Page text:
NEW YORK—On Oct. 29, exactly two years after Superstorm Sandy tore into New York City, Mayor Bill de Blasio sent out a personal note touting the “incredible progress” his administration has made on rebuilding homes destroyed by the storm.
“When I took office, I found a stalled recovery program that, more than a year after the storm, had yet to begin construction on a single home,” he stated, referring to the city’s Build it Back program, which is funded with $1 billion from the federal government.
Ten months later, the city has started construction on 762 houses and over 1,000 homeowners have received reimbursement checks for repairs they did on their own.
And that’s not all. Two weeks ago the mayor announced a “Build it Back local hiring initiative” to give “Sandy-impacted New Yorkers priority for recovery and rebuilding jobs,” but where are the jobs?
Affected residents said they feel disconnected from all the fanfare. They are focused on results that can be seen on the ground, but there hasn’t been much to see.
“Build it Back did absolutely nothing,” said Rosanne Shevlin, standing in front of her house in Broad Channel, a scenic strip of land connecting Rockaway with the rest of Queens. Her house was inundated by 5 feet of storm surge water.
Shevlin applied to Build it Back right after the storm, but gave up three months later, seeing no progress. About every third applicant did the same. Shevlin still manages a Build it Back application for her father’s house one block away though, with no results so far.
De Blasio visited Broad Channel on Oct. 20. Standing in front of a half-finished house on the busy Cross Bay Boulevard, he announced “significant progress” on Build it Back. He pointed to Jayme and John Galimi, who are expected to move back into their house by the end of the year.
But that’s the only example in the area, locals confirmed. There’s another Build It Back construction site a few steps down the road, but so far it’s only an empty parcel with no signs of construction work as of Tuesday.
Waiting for Jobs
As for the jobs in the recovery promised to locals, there has been little progress. Federal regulations require at least 30 percent of hires go to local residents. The stipulation is that all contractors comply to “the greatest extent feasible.”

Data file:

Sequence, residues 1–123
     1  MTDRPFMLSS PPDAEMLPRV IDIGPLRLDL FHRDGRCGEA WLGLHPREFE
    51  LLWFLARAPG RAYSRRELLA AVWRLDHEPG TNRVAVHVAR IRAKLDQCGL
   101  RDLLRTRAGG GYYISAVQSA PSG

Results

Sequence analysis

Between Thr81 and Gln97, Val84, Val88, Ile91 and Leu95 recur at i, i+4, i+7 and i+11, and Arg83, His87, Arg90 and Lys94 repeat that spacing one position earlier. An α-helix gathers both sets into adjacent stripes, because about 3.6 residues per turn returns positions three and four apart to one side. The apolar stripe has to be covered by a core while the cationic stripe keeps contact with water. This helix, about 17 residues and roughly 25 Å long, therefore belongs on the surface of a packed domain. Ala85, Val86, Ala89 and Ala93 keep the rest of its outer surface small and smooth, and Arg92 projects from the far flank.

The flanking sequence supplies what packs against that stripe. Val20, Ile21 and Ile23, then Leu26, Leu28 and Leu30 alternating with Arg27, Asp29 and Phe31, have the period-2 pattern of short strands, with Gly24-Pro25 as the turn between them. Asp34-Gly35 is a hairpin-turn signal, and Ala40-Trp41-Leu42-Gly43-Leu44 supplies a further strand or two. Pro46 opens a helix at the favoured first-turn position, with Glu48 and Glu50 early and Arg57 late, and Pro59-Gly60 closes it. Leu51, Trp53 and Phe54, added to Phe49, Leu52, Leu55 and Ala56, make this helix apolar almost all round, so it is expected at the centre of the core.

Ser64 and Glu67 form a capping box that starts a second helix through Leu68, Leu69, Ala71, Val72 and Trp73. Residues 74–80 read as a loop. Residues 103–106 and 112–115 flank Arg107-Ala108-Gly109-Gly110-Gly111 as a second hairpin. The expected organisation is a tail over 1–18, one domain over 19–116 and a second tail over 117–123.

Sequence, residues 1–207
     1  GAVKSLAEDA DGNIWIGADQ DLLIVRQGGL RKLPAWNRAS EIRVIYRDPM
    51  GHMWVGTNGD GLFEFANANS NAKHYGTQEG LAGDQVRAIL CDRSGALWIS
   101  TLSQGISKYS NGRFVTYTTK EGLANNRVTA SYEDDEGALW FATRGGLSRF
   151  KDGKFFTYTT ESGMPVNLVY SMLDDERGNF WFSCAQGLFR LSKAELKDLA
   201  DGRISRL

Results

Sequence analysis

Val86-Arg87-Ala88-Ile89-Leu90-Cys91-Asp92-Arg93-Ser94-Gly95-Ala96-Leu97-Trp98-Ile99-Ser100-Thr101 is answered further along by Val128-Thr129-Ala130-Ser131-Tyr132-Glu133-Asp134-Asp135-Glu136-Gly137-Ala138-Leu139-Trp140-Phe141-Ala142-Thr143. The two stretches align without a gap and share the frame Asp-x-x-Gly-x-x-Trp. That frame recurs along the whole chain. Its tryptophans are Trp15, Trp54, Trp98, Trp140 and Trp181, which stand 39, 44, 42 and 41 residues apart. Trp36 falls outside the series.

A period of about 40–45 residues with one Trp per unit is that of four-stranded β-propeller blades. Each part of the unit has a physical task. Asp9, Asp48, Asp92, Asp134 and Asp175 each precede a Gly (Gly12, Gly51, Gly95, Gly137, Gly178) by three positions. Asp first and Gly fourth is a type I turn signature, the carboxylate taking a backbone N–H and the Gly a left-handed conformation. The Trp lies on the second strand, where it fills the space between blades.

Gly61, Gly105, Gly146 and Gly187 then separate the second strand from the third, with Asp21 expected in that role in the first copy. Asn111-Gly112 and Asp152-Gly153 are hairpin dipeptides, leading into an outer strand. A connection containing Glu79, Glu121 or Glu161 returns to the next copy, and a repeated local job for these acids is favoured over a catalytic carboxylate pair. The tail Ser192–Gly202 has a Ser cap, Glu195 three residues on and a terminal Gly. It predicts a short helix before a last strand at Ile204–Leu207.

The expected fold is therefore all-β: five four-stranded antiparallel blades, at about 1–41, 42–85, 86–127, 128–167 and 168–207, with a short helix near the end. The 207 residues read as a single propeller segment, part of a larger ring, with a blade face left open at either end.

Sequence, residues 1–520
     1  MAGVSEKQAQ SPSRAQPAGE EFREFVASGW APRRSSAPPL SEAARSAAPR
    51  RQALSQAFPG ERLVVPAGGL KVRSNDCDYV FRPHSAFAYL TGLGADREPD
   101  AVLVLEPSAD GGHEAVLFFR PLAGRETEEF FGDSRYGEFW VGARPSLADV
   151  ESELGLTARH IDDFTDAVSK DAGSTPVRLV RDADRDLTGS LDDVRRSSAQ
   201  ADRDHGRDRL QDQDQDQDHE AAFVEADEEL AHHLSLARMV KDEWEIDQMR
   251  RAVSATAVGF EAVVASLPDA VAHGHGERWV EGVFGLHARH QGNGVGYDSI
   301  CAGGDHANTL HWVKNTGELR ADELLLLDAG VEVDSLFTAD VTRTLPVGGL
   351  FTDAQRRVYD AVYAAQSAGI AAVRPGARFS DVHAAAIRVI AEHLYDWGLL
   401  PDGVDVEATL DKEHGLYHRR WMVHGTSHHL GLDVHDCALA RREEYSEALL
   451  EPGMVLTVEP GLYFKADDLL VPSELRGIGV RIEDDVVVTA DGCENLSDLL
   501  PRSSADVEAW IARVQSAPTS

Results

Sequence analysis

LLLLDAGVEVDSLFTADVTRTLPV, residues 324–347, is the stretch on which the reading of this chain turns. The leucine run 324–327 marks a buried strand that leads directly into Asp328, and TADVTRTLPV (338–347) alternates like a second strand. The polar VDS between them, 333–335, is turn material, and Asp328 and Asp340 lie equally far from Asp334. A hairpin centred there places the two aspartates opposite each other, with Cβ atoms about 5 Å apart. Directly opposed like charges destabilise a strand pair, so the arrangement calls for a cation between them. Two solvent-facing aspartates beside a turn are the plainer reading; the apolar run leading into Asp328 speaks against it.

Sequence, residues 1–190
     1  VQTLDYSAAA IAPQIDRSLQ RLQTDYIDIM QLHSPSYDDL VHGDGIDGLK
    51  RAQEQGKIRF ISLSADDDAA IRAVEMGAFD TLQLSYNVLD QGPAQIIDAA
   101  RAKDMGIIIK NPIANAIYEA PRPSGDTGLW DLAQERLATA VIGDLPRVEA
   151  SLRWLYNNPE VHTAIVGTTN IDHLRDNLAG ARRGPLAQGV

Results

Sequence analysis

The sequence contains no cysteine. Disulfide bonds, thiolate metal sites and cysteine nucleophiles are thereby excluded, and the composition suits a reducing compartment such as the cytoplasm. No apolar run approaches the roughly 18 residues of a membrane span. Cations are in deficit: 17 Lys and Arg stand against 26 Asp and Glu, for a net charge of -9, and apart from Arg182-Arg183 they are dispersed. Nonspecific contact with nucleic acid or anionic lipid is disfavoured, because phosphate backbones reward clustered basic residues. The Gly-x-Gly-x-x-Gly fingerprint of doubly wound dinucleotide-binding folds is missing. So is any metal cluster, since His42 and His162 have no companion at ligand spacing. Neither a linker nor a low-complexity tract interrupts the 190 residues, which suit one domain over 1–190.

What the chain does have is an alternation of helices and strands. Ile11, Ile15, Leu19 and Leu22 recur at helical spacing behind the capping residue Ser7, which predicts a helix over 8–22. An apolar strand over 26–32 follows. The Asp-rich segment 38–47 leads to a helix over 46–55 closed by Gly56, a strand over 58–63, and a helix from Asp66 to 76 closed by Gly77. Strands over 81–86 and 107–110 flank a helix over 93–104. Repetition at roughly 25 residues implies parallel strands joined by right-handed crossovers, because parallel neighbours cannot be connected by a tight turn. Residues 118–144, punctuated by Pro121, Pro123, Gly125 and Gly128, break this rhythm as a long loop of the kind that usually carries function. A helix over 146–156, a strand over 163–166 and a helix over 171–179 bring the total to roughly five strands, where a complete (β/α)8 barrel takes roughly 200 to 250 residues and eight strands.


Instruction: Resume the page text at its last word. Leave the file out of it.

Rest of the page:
Broad Channel contractor John Tubridy, president of MXM Contractors Inc. said Tuesday he’s “heavily involved” with Build it Back. His company is working on 15 to 20 homes, has six full-time workers, hired dozens of part-timers, and 6 to 10 subcontractors. He expects to hire more, but he said the city hasn’t told him about any requirements to hire locals.
On Wednesday the city’s construction union, Local 79, was not aware that Build it Back had even started yet, let alone that it would bring jobs to its members, according to spokesman Richard Weiss.
And on Tuesday five workers at the Galimi family home all confirmed they were not from the neighborhood.
“People not from this area were cashing in,” said Kathleen Lawless, treasurer of the Broad Channel Civic Association. “Most of the people from down here had to fight the local contractors … to be able to work on their neighbors’ houses.”
Locals could use the jobs. The zip code covering Broad Channel and an adjacent part of Rockaway has an unemployment rate of over 13 percent, according to the 2012 American Community Survey. The unemployment rate for New York City is 6.9 percent.
A representative for the mayor’s office said as Build it Back work expands, new contractors will be required to employ a certain portion of workers from affected areas. At its peak, the program is expected to employ 7,000 people.
Many homeowners like Lawless were ineligible for Build it Back.
Some didn’t have enough damage done to their houses; some had too much flood insurance. In both cases people ended up with tens of thousands of dollars in uncovered damages. Even the reimbursement checks from Build it Back cover only 60 percent of the costs, and only expenses incurred within a year after the storm.
Most people couldn’t wait for the government. They pulled through by maxing out their credit cards, or got low-interest loans from the federal government.
The Queens neighborhood is scattered with abandoned houses, left behind by people who couldn’t afford both their mortgages and rents for temporary homes. There were also many foreclosures.
Lawless added that some people left out of fear of another storm. She and most of those she knows hope Sandy was a once-in-a-lifetime experience.
“Hopefully we will never see anything like that again,” she said.